“It’s clear to see that our community’s veterans have played a vital role in serving and building up the city of Auburn. I want to say thank you to each of them and to all of our veterans here today for giving back to not only your country but to your community,” Anders said. “And I would like to say a special thank you to the families of our veterans who support and sacrifice so much as well.”
Each year the city of Auburn honors a “distinguished veteran” during the ceremony. This year, the city chose Dr. James E. Witte — a professor of aviation management at Auburn University, the chair of the Department of Aviation and a 26-year veteran.
Witte was drafted in 1964 to the United States Army and as he put it, “that began a 26-year period of me and the army trying to trick each other.”
It all began when Witte tried to gain a medical discharge by buying a back brace. He told the reception station he needed a medical discharge.
“When you report to Fort Knox, Kentucky, you tell your new platoon sergeant that you need to go to the hospital and I’ll process on a medical discharge and I said, ‘boy this is great.’”
Of course, Witte was not medically discharged. He met his new platoon sergeant who immediately took his back brace and said he’d hold onto it for three days.
“As far as I know today, [seargeant] still has my back brace,” Witte said.
Witte shared the humor from his 26 years in the army, the ups and downs. He chose to re-enlist and was sent to Europe.
“I ran around Europe for a while and went to the first sergeant and said, “Tom, how can I go back to the states?’” Witte said. “This is what I want to do. Tom said, ‘Well, Witte, you can go to OCS.’ I said, ‘What’s that?’ And he said, ‘Officer Candidate School.’ I said, ‘That’s back in the states, right?’ He said, ‘Yes.’ I said, ‘Good. I want to go.’”
After OCS, the Army asked candidates who would like to be a pilot and Witte volunteered.
“This is another time that I got to trick the Army,” he said. “I said, ‘I do.’ See they didn’t know that I had been a pilot since 1957. So the idea of flying Bird Dogs and Beavers and Otters and Twin Beeches, I’m your guy. I’m already there. So, they sent me to helicopter school. I didn’t know anything about helicopters.”
Following helicopter school, the Army sent Witte to a maintenance officer test pilot program.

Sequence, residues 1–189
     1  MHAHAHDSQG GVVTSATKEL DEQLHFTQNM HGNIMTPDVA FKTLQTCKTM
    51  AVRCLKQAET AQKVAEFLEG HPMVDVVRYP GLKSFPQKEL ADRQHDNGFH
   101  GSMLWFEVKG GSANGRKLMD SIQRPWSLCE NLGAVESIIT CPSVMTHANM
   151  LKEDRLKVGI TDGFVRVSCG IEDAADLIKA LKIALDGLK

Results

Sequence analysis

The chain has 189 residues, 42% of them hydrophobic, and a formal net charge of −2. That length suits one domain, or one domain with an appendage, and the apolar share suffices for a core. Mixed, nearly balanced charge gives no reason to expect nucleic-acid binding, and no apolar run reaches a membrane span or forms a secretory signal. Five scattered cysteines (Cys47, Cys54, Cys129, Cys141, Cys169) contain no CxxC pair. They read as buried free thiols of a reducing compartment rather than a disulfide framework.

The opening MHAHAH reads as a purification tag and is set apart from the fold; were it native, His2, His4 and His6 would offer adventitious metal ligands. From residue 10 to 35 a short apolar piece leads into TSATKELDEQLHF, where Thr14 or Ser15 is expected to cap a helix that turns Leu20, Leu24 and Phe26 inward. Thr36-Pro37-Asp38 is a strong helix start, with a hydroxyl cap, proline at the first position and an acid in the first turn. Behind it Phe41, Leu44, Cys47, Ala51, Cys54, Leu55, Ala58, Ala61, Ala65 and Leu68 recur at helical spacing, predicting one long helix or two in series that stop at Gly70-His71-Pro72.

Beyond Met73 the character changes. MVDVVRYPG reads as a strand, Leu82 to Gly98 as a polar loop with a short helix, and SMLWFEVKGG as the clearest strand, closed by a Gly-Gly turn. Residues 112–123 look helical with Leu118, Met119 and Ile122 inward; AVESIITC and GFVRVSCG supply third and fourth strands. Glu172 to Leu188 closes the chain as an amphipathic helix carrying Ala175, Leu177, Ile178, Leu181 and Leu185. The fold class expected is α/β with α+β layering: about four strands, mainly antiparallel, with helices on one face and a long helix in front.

“Towards the end of that they said, ‘Well, it’s time for you to go to Vietnam.’ And I said, ‘Oh goody.’”
After his years in Vietnam, the Army asked Witte to attend Arabic Language School. Which then allowed them to send him to Saudi Arabia.
But Witte was not allowed to take his family with him, so he asked for a different location and the Army sent him to Teran, Iran.
“The Army got me on that one,” he said.
Witte spent time in Central America, after Iran. After a tour in Panama, Witte got married to his wife of 34 years.
“The two of us left for Tokyo, Japan, and that’s where we set up our first home,” Witte said. “We’re still together. It’s amazing. I have no idea why that woman has stuck with me that long. We retired after that tour in Japan.”
Although Witte humorously referred to his time in the Army and joked about himself and the military constantly tricking one another, he clearly left his mark.
Witte was awarded 29 air medals, two bronze stars, Pakistani Army Aviator wings and the Vietnamese cross of gallantry over his 26 years.
“Today we’re assembled together to celebrate this thing called Memorial Day,” he said. “Memorial Day is a time of reflection, it’s a time of remembrance. It’s a time to be thankful for the gifts that we enjoy in life, no matter how big those gifts are or how small. It’s a time to recognize that we are a free people. We are ruled only by ourselves. We are a people who will never abandon our country, our way of life, nor will we abandon our faith in our Maker. No matter how hard the forces of evil try to defeat us, we will survive and we will prosper.”